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Friday, April 22, 2011

From "Grave Mental and Emotional Disorders" to "Emotional Sobriety"

One of Bill W.'s most self-revelatory writings, a letter he wrote to a close friend who also suffered from bouts of depression, was published in the January 1958 issue of the Grapevine under the title "Emotional Sobriety: The Next Frontier." It's also published at page 236 in "The Language of the Heart," and is essential reading if you or anyone you know suffers, as I have done, from what Winston Churchill called "the black dog" of periodic depression.

In it, Bill notes that "many oldsters who have put our 'booze cure' to severe but successful tests still find that they often lack emotional sobriety. Perhaps," he suggests, "they will be the spearhead for the next major development in AA - the development of much more real maturity and balance (which is to say humility) in our relations with ourselves, with our fellows, and with God."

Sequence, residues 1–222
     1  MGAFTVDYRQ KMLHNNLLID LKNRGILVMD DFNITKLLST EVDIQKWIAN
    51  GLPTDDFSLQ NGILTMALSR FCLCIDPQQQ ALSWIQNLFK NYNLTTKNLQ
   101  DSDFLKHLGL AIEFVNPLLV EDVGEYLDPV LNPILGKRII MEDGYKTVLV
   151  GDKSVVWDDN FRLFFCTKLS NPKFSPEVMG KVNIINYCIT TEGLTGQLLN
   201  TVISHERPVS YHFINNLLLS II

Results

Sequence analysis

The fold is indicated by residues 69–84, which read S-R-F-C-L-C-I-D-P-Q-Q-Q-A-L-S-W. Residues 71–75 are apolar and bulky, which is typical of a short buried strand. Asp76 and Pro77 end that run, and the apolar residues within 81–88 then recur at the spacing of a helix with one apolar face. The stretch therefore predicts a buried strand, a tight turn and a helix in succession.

He continues:
"Those adolescent urges that so many of us have for top approval, perfect security, and perfect romance - urges quite appropriate to age seventeen - prove to be an impossible way of life when we are at age forty-seven or fifty-seven."

"Since AA began, I've taken immense wallops in all these areas because of my failure to grow up, emotionally and spiritually. God, how painful it is to keep demanding the impossible, and how very painful to discover, finally, that all along we have had the cart before the horse! Then comes the final agony of seeing how awfully wrong we have been, but still finding ourselves unable to get off the emotional merry-go-round."

"How to translate a right mental conviction into a right emotional result, and so into easy, happy, and good living - well, that's not only the neurotic's problem, it's the problem of life itself for all of us who have got to the point of real willingness to hew to the right principles in all our affairs."